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Bart Simpson Comics #31

Posted: Saturday, August 26, 2006
By: Ray Tate



"Spree for All"

Writer: Evan Dorkin
Artists: James Lloyd(p), Andrew Pepoy(i), Nathan Hamill(c)

"The Maggie & Moe Mysteries: The Disappearing Duchess"

Writer: Tony Digerolamo
Artists: James Lloyd(p), Andrew Pepoy(i), Nathan Hamill(c)
Publisher: Bongo

Two stories take the center stage in Bart Simpson Comics. Evan Dorkin uses a shopping spree as the impetus to begin his tale. It's funny how shopping sprees only appear in comics and sitcoms. The closest I've come to one in real life is Barnes & Noble's annual three for two DVD sale.

Bart has plans for his spree, but so does everybody else. Dorkin takes a page from an old Foghorn Leghorn cartoon to once again reveal that age-old truth "Everybody wants something."

In a very credible fashion, Dorkin eschews the simple prediction the reader makes. He keeps Bart self-centered, with his bulging eyes "on the prize." Invariably though the ending you saw coming arrives from a different direction to add even more humor to the multiple side-jokes peppering the story.

In the second feature Digerolamo returns with another bizarre spoof on seventies detective stories. Moe baby sits Maggie, and this of course means another mystery lurking in the corner of the not Chucky Cheese setting.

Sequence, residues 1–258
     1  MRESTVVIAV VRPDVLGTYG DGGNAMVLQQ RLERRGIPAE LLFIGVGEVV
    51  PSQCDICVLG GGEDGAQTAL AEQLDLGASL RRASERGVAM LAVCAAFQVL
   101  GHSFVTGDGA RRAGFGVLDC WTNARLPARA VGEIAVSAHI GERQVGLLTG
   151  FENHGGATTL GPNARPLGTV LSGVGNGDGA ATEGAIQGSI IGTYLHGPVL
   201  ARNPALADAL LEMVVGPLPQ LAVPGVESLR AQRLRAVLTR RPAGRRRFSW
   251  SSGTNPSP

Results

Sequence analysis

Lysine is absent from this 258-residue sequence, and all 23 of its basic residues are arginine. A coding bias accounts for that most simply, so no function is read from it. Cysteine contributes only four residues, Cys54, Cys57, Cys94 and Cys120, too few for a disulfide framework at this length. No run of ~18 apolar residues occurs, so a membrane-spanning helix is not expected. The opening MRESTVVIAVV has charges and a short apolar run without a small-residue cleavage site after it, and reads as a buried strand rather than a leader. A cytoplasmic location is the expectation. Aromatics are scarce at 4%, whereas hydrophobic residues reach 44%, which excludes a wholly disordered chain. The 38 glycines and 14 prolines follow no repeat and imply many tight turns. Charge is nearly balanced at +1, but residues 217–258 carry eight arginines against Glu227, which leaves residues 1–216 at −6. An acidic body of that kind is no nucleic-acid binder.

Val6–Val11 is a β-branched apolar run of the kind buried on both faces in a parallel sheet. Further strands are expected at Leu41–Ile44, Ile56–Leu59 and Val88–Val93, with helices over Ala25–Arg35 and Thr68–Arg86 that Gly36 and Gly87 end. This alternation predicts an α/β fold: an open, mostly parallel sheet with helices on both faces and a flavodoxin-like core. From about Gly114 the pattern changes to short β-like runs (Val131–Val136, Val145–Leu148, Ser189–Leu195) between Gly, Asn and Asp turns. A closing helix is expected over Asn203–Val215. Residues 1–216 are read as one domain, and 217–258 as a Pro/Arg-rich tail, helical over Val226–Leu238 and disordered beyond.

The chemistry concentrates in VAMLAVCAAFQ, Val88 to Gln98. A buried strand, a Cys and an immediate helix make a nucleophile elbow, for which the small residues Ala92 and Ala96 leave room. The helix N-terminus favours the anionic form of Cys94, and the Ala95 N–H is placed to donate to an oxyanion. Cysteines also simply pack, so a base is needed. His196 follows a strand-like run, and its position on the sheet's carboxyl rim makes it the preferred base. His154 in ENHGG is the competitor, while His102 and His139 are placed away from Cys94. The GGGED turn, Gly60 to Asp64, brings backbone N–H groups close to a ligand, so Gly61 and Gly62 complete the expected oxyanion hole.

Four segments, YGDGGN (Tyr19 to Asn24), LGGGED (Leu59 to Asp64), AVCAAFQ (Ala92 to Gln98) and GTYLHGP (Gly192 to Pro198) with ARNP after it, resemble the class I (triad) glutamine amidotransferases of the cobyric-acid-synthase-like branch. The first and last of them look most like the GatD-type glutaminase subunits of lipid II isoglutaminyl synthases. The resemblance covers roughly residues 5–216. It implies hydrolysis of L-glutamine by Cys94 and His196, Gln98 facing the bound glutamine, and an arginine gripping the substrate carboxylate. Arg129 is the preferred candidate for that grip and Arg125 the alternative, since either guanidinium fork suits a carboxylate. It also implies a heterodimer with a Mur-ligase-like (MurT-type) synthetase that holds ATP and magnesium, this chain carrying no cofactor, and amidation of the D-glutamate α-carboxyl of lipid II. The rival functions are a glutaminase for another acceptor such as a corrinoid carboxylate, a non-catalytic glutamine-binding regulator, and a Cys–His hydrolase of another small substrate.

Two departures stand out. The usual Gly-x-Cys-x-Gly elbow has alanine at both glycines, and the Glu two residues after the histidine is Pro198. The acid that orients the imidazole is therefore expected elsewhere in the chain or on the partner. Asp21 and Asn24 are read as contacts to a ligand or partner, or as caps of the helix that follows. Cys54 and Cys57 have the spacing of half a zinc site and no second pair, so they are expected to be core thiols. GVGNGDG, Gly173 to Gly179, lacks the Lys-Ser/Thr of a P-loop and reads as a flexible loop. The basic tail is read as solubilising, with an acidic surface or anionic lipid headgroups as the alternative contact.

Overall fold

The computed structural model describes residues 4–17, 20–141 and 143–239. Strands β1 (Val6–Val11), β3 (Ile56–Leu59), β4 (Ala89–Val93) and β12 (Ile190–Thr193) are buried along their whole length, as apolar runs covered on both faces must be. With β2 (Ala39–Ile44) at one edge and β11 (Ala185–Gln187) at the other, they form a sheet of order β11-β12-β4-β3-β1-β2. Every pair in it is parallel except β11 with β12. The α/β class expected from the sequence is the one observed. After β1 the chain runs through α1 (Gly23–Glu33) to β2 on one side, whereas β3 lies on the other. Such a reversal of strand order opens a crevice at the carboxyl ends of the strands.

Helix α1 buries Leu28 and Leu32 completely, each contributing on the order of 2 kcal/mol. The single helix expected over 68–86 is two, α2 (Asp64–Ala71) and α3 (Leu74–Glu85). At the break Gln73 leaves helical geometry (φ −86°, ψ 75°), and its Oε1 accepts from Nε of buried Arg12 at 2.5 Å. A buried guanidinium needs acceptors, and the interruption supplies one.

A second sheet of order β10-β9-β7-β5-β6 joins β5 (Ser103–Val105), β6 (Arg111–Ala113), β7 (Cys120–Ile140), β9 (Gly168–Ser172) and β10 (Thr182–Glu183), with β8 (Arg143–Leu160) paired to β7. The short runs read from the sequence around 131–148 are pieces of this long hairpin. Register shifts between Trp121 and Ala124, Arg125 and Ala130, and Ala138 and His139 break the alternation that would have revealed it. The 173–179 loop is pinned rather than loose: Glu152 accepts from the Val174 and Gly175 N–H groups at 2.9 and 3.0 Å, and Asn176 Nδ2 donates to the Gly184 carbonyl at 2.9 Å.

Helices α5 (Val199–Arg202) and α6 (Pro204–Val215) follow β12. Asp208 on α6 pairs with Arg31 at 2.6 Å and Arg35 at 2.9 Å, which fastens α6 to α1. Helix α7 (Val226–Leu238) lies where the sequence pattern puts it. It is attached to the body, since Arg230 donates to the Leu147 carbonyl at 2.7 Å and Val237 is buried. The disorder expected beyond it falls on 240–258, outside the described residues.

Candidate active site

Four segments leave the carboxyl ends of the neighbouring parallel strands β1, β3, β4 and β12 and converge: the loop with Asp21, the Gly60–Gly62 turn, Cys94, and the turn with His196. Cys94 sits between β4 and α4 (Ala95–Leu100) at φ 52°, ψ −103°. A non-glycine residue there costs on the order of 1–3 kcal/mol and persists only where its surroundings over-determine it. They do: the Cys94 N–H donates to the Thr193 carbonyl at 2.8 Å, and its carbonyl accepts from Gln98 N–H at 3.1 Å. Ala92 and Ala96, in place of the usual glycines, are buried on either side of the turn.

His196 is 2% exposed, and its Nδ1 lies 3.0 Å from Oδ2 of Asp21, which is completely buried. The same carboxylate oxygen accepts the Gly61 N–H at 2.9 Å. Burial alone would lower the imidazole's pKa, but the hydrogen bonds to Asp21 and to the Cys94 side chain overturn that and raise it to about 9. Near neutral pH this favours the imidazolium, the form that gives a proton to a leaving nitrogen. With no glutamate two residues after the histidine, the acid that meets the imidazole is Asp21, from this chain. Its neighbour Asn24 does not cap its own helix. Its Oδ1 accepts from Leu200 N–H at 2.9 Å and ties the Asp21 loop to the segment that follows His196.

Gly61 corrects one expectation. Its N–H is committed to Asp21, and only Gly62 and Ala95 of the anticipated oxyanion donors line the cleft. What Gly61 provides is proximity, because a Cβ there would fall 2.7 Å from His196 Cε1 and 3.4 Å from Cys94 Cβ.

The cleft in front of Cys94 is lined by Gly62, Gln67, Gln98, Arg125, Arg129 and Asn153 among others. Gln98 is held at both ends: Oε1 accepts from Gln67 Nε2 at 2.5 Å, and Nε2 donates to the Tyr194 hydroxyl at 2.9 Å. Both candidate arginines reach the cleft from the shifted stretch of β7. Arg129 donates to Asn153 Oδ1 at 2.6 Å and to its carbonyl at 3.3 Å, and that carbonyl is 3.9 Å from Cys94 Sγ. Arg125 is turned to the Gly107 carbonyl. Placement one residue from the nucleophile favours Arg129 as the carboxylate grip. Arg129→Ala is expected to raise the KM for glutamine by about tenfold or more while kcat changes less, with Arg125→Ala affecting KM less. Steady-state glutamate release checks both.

Moe is one lousy detective, and Digerolamo takes great delight in using his abrasive personality to make him even worse and more clueless. Maggie usually the brains of the outfit fails at first in discovering the whereabouts of the vanishing princess, but eventually and perhaps due to the added competition of equally insane concepts. Duff Beer's Titania and Baby Gerald, the one-eyebrowed creature that occasionally strolls by to glare at Maggie team up as a second sleuthing duo. Mags however using her dead-eye aim, established in The Simpsons, gets her man.

The artwork by James Lloyd and Andrew Pepoy in both stories gives the reader Matt Groening's style in a variety of the characters' moods and poses. Nathan Hamill's colors actually match the multitudinous rainbow collage employed by Art Villanueva.



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